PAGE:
The euro declined against its major rivals in European deals on Thursday, due to divergence of monetary policy of the European Central Bank with that of other major central banks.
The Federal Reserve on Wednesday backed away from its pledge to be “patient” Wednesday, a strong signal that the central bank will hike interest rates in July or September.
The Fed said a rate hike in April is unlikely and although Fed Chair Janet Yellen said a June rate hike cannot be ruled out, a slight downgrade in the economic outlook means that tightening may pushed out until the second half of the year.
By contrast, the European Central Bank’s €1.1 trillion stimulus programme launched last week has crushed the euro and bond yields lower. The central bank is too far from the possibility of a policy tightening, given its QE program is set to run till September 2016.
Concerns over Greece bailout aid also weighed on the euro, as the European leaders are yet to unlock last tranche of EUR 240 billion bailout aid to Greece. Greece is facing stiff opposition from its European partners, especially Germany, for funding assistance, as it has not pushed through economic reforms demanded by EU.
Greek Prime Minister Alexis Tsipras is due to hold talks with EU leaders at a European Union summit in Brussels starting today. Tsipras is seeking a meeting with German Chancellor Angela Merkel, European Central Bank President Mario Draghi, French President Francois Hollande and European Commission head Jean-Claude Juncker to discuss a political solution to the crisis.
Greece has to pay EUR 300 million to International Monetary Fund and redeem EUR 1.6 billion in treasury bills by Friday.
In economic front, Eurozone labor costs growth slowed for the second consecutive quarter in the three months to December 2014, figures from Eurostat revealed.
The nominal hourly labor costs grew a working-day adjusted 1.1 percent year-on-year following 1.4 percent gain in the third quarter. In the three months to June, labor costs had risen 1.5 percent.
The euro slipped to a 2-day low of 0.7162 against the Sterling, down by 1.5 percent from an early high of 0.7275. If the euro extends decline, 0.70 is seen as its next support level.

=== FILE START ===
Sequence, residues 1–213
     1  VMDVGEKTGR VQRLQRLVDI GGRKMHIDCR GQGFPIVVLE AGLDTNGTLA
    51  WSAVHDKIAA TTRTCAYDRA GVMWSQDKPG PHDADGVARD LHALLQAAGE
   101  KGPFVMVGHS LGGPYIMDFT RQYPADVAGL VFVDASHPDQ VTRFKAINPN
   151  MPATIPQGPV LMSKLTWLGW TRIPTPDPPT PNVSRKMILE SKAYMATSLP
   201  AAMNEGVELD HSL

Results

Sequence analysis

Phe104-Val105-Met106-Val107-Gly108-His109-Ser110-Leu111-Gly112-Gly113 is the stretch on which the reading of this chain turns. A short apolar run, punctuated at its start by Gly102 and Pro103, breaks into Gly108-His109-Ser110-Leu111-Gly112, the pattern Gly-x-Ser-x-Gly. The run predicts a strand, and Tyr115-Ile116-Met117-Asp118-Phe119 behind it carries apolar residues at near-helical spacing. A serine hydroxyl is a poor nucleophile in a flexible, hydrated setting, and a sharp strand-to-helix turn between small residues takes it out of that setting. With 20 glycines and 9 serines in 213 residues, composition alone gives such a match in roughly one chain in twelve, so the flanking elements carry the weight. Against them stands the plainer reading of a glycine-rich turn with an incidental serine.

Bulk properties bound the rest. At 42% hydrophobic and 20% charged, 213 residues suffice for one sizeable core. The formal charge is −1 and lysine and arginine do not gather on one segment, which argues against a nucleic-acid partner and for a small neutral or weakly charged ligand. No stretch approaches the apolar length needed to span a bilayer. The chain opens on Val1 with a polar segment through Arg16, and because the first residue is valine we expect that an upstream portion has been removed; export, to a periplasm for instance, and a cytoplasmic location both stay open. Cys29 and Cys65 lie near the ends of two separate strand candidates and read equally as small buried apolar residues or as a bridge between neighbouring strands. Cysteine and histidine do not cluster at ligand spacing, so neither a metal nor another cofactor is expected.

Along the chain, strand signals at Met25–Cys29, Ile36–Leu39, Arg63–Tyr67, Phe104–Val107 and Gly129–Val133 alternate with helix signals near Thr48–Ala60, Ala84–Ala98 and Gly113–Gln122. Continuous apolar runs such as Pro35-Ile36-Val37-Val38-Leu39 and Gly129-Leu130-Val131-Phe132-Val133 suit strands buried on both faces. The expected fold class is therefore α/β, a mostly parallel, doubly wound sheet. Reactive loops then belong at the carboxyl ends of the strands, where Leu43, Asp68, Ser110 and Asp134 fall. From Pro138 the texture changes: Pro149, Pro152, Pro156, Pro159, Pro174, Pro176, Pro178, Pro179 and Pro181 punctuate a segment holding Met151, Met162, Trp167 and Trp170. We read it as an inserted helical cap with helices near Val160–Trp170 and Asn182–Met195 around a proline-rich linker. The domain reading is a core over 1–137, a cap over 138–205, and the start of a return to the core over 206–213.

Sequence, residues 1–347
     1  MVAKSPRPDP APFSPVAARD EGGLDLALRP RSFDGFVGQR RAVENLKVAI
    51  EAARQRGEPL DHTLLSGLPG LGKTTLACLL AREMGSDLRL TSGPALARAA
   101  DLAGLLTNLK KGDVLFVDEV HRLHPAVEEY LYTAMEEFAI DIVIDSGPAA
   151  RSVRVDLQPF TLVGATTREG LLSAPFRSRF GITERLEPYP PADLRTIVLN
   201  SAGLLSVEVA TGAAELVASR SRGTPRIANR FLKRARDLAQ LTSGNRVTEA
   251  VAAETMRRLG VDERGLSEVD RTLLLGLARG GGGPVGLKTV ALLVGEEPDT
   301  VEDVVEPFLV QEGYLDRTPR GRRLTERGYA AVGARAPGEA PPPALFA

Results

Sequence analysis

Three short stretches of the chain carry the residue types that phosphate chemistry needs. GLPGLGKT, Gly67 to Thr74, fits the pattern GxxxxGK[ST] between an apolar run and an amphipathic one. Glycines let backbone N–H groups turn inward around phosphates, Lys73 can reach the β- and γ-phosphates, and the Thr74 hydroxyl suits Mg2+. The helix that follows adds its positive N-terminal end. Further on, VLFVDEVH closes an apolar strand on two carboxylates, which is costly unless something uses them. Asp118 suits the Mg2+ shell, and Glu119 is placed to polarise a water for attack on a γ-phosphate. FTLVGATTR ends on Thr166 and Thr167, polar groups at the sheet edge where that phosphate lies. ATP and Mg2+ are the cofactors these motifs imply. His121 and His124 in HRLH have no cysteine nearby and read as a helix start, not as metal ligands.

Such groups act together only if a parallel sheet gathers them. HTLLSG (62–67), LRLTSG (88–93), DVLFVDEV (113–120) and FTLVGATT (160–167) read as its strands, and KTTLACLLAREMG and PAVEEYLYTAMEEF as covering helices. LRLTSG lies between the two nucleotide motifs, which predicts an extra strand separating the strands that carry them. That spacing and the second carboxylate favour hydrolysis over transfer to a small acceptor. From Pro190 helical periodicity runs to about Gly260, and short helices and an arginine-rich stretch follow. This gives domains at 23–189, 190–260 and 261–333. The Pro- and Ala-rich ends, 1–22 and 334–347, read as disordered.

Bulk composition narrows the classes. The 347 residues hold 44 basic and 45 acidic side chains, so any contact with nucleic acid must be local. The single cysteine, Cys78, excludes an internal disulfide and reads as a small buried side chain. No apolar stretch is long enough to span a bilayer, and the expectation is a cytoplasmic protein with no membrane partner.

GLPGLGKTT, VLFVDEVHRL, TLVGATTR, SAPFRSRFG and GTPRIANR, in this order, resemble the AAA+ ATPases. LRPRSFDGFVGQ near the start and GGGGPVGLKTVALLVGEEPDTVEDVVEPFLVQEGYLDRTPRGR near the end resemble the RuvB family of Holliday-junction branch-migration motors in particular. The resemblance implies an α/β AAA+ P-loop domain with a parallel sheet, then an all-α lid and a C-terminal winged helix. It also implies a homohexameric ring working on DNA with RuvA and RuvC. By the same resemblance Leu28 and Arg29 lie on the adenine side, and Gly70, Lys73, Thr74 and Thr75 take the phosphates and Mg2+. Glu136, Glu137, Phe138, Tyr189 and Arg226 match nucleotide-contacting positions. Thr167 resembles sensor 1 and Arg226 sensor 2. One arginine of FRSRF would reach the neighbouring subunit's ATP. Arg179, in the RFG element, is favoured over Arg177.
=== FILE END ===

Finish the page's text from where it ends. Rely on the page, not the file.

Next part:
The euro pared gains to 128.40 against the yen and 1.0630 against the greenback, from previous highs of 130.83 and 1.0918, respectively. The next possible support for the euro may be located around 127.00 against the yen and 1.00 against the greenback.
The euro fell to a 3-day low of 1.0551 against the Swiss franc, after having advanced to a 9-day high of 1.0699 at 2:55 am ET. Continuation of the euro’s downtrend may take it to a support around the 1.05 area.
The Swiss National Bank left its monetary policy unchanged as widely expected by economists.
The SNB maintained the target range for the three-month libor unchanged at between -1.25 percent and -0.25 percent. The interest rate on sight deposits with the SNB remained at -0.75 percent and the exemption thresholds remain unchanged, the bank said in a statement.
Pulling away from early highs of 1.4547 against the NZ dollar and 1.3673 against the Canadian dollar, the euro slipped to a 2-day low of 1.4355 and 3-day low of 1.3471, respectively. The euro may find downside target around 1.425 against the kiwi and 1.33 against the loonie.
The 19-nation currency fell to 1.3864 against the aussie, off an early high of 1.3999. Next key support for the euro is likely seen around the 1.36 region.
Looking ahead, the U.S. weekly jobless claims for the week ended March 14, leading indicators for February and current account for the fourth quarter are set for release in the New York session.
by RTT Staff Writer
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